Wiley to the Rescue

Trauma and Recovery: Wiley the Dog Edition.

“Wiley, like other dogs saved from the worst conditions, was able to transform almost entirely. With love, patience, and proper medical treatment, he got a second chance at life. In this way, dogs like Wiley aren’t so different from us.” —After 9/11

Not many of us can claim to be both timeless and ageless, but I can. We don’t know when I was born, and I have no real concept of time.

I know I’m a male Chihuahua Mix and a rescue. I know that I will not walk in booties. I do not do well with any form of transportation. I know I will model my mom’s knitting for treats. I am positive that my objective in life is to interfere when my parents start kissing and put a stop to it before it gets out of hand.

I also know that rescue dogs and rescued humans are very similar. Mommy and I understand each other in a special way because we both had it pretty rough during our early, formative years, and we are both very resilient. I wish I could explain my history to mommy so she could understand why I am the way I am. But after a very rough start in life, a group of very good people rallied around me and said, “Hey, your little life matters to us” and saved me. Then I went to a bunch of different homes looking for furever love, and then I found one, and we had to go through three different specialists.

Mommy was in the same place when she was a teenager. She had a hard time finding out where she belonged, and she was often scared by her environment and lashed out when she needed love, and couldn’t find the right kind of therapy no matter how hard she tried (until she eventually did). She wanted to connect with others, but had a hard time interacting socially and becoming defensive very quickly. Nobody really understood why.


We both have experience with the fight or flight response, which is common with Post Traumatic Stress Disorder, although mine happens on a leash. I feel anxiety that causes me to feel the need to protect mommy and me and exert control, and my adrenaline response is automatic and has taken a while to unlearn, but I have my great days, my good days, and my days when I just have to yell “Hey, get off my lawn!”

Like mommy, I just kept going on my journey to try and have a happier life. after I was rescued by Friends with Four Paws in Oklahoma, and then it was a lot of moving around from there. Let’s skip that part, because I am just happy to be in the moment I’m in now, right here, getting my butt smell on some expensive throw pillows. I am extremely mindful. Wait—was that a sound in the hallway? Excuse me while I lose my shit.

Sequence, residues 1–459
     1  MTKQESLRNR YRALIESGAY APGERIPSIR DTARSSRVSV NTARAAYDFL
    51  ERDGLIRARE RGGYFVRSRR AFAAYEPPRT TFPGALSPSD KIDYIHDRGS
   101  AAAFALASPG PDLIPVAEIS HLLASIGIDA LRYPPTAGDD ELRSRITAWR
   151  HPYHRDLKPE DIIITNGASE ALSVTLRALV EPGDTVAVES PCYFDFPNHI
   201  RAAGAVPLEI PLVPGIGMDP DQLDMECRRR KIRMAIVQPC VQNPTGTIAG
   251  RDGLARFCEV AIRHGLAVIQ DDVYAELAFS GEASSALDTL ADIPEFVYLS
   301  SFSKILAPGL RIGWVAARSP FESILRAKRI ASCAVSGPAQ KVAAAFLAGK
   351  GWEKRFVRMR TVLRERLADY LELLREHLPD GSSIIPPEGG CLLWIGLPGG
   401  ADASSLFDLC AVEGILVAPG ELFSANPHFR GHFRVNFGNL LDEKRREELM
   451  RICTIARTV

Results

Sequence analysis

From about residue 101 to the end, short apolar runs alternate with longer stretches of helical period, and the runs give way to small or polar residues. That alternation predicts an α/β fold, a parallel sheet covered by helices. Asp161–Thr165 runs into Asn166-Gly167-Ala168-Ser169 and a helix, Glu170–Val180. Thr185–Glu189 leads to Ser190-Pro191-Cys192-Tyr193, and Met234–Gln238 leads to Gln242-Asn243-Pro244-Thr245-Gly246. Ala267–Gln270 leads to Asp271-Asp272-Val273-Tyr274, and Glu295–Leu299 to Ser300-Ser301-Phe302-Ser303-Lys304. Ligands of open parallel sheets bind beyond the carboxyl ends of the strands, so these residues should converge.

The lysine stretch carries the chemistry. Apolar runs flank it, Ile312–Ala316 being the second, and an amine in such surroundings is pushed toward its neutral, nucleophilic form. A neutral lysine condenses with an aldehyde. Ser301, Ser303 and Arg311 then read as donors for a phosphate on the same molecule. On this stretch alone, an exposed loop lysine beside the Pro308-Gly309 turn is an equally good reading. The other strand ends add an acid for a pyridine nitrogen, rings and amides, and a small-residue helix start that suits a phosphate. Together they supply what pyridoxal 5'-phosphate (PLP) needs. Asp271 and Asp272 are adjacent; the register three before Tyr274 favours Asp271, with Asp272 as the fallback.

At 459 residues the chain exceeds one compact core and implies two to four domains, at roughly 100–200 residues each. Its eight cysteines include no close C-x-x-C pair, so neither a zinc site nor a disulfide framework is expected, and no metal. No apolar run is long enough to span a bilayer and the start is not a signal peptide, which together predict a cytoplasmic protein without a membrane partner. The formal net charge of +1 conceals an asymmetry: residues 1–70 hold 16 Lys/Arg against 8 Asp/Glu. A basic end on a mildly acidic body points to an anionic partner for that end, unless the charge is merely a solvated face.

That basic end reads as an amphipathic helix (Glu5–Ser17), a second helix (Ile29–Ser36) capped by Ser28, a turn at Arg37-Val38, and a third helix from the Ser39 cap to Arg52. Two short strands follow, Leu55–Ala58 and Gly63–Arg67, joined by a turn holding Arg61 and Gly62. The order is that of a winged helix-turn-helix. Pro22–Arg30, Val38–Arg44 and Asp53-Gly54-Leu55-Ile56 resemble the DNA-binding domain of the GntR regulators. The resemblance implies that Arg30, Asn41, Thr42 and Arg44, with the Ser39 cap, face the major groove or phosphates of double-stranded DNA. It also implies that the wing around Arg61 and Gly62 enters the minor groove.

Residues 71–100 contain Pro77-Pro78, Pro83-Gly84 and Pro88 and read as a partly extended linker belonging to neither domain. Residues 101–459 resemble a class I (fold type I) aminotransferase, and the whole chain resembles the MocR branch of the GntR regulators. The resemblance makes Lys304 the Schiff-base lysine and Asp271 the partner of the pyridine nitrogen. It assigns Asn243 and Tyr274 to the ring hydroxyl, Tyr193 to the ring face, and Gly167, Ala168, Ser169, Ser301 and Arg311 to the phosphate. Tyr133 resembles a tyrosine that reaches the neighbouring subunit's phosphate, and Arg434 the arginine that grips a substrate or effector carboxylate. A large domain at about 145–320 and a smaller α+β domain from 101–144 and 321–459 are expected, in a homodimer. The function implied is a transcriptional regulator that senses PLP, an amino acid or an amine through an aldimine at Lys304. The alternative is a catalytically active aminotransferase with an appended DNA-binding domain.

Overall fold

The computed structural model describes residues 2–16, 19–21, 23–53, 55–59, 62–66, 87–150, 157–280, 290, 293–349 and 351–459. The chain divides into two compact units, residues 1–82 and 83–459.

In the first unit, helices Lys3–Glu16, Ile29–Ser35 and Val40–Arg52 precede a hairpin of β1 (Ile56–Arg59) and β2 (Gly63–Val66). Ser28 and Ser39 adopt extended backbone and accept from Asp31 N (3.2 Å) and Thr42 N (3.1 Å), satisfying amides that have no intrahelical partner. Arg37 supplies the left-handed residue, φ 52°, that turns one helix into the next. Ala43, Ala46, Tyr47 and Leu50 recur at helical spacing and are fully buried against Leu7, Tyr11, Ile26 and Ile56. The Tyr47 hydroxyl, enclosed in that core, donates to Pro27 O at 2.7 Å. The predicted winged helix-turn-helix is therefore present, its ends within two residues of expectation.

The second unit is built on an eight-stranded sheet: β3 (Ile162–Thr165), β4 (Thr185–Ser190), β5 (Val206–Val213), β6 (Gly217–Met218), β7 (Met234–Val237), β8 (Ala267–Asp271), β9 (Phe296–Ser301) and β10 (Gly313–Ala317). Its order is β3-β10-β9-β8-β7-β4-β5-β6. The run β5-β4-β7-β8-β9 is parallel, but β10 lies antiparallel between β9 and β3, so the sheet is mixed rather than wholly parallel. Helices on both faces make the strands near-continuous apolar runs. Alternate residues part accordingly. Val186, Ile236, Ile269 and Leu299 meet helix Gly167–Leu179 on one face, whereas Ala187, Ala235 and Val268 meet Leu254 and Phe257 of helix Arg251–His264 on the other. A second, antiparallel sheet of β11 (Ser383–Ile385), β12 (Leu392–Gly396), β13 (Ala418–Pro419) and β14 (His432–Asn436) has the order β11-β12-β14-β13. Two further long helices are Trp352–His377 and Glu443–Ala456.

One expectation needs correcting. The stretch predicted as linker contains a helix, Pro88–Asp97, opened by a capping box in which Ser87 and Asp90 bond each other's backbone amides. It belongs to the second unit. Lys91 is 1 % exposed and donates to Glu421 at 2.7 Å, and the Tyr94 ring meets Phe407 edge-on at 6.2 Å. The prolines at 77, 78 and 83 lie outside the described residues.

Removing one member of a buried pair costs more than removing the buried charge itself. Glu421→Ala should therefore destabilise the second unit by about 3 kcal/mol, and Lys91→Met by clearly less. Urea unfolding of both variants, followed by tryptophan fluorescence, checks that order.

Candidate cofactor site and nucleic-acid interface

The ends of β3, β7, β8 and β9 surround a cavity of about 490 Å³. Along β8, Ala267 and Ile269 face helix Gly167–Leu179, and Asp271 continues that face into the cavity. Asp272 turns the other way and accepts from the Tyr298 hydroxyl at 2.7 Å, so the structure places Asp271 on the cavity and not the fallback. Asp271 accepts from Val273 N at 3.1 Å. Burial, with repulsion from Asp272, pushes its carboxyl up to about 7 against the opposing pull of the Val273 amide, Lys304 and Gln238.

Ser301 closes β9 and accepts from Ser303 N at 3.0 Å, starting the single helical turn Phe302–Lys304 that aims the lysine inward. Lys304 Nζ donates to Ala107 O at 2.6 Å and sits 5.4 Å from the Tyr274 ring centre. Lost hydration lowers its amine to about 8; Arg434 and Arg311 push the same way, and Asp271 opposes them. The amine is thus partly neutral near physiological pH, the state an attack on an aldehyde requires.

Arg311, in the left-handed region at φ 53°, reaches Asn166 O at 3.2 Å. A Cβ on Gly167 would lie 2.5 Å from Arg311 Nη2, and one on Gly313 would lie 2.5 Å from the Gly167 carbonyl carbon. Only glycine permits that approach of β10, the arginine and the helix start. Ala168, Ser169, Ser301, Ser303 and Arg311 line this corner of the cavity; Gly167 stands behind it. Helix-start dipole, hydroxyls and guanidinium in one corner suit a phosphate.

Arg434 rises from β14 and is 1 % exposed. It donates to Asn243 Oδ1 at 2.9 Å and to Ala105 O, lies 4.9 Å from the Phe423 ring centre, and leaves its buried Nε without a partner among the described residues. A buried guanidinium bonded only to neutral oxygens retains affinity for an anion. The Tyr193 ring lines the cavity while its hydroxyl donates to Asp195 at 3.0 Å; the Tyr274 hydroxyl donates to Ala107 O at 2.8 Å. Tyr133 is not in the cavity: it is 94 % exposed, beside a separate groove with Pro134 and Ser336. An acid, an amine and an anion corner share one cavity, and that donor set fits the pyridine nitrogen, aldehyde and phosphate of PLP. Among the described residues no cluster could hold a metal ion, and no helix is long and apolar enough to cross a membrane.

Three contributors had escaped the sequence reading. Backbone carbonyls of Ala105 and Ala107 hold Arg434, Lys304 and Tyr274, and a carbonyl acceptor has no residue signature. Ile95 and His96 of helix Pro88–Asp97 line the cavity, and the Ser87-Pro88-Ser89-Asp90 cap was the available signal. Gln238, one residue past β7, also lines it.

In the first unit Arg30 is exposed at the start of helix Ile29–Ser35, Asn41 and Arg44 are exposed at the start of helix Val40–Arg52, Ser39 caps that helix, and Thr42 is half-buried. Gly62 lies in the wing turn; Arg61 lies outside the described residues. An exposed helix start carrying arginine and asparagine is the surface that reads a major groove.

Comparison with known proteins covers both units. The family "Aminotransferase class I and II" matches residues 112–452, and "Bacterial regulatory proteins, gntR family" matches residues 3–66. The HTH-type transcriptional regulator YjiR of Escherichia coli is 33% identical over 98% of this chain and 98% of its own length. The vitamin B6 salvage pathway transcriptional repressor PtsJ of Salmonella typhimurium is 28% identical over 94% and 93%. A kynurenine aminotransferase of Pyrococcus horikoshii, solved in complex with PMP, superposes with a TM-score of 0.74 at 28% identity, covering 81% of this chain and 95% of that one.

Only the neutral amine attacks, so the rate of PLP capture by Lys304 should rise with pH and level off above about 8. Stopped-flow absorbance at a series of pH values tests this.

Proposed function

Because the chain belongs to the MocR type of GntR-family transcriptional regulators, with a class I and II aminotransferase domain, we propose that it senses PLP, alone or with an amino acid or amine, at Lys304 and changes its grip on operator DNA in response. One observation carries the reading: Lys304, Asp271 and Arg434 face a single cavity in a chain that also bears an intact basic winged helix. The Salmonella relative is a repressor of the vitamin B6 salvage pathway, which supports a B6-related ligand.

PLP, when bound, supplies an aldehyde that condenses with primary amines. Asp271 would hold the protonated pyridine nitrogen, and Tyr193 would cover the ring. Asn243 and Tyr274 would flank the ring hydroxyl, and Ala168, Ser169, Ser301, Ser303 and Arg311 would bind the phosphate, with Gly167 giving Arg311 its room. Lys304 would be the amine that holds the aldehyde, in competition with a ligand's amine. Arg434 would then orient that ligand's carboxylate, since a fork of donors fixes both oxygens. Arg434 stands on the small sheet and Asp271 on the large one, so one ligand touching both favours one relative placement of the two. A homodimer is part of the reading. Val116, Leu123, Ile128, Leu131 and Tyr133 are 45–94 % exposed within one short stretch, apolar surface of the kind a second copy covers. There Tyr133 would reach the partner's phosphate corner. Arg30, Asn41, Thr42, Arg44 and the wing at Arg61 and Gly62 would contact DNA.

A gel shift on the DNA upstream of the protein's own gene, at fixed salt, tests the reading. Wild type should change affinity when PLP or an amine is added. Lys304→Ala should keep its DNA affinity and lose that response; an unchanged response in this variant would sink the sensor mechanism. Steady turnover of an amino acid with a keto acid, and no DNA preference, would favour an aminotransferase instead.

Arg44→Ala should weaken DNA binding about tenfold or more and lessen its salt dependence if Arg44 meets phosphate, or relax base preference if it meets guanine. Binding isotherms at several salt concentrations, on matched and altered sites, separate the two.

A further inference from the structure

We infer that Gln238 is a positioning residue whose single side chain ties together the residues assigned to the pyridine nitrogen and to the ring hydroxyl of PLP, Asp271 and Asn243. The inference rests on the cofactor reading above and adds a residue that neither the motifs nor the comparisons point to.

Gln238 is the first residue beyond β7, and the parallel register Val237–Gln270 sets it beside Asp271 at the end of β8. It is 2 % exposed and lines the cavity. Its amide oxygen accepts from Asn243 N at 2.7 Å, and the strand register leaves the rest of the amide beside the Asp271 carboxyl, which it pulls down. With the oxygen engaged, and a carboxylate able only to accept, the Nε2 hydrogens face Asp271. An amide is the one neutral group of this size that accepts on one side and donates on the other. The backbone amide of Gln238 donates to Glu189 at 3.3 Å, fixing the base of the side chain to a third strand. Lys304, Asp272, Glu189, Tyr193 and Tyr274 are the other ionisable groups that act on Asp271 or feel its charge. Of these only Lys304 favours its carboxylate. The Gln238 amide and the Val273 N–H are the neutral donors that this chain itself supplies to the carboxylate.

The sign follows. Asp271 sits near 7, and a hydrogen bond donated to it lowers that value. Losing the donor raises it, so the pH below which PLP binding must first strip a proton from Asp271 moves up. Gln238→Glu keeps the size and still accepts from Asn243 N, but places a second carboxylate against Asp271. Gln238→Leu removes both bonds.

Sorry, I’m back. Anyway, wrapping up, mommy and daddy came to get me without even meeting me first. I was a special case and I was being “returned” and mommy said “Ok, let’s go get him.” I was nervous in the car ride, and left a little (big) present outside the building as soon as I got out, but within an hour, I knew I had finally found my furever hoomans.

My best quality? I have an ability to love and learn trust despite everything I’ve been through. So has mommy. That’s why I’m a mama’s boy and make a great shadow. Mommy is dissapointed that I can’t go to the dog park or play very nicely with other dogs, but she doesn’t force me to. We all have our flaws and our strengths, and she doesn’t try to make me something I’m not. She respects my outdoor boundaries (inside, we don’t have any). She loves me for who I am and would never ever give me up for the world. The love I give her is worth the incidents that happen when I need my anal glands squeezed. She has plenty of pants.

Like other dogs saved from the worst conditions, I was able to transform almost entirely. I got a second chance at life. In this way, I’m not so different from you guys. To other dogs out there still waiting, don’t give up hope, and get yourself a family like mine if you can. They give me first dibs on bed space at night, let me sit at the dining room table sometimes, and spend hours fussing over me like I’m an infant, even though we’ve been together for almost four years and I’m, like, at least 30 or 40 years old in dog years. If you’re a dog still waiting to be adopted, hang in there. Lots of good people are out there waiting to give you a good life.

You can learn more about mommy’s journey in After 9/11, One Girl’s Journey Through Darkness to a New Beginning.

For more amazing dog stuff, check out my philanthropic online store, Wiley to the Rescue. I donate 50% of all proceeds to dog related charities and nonprofits.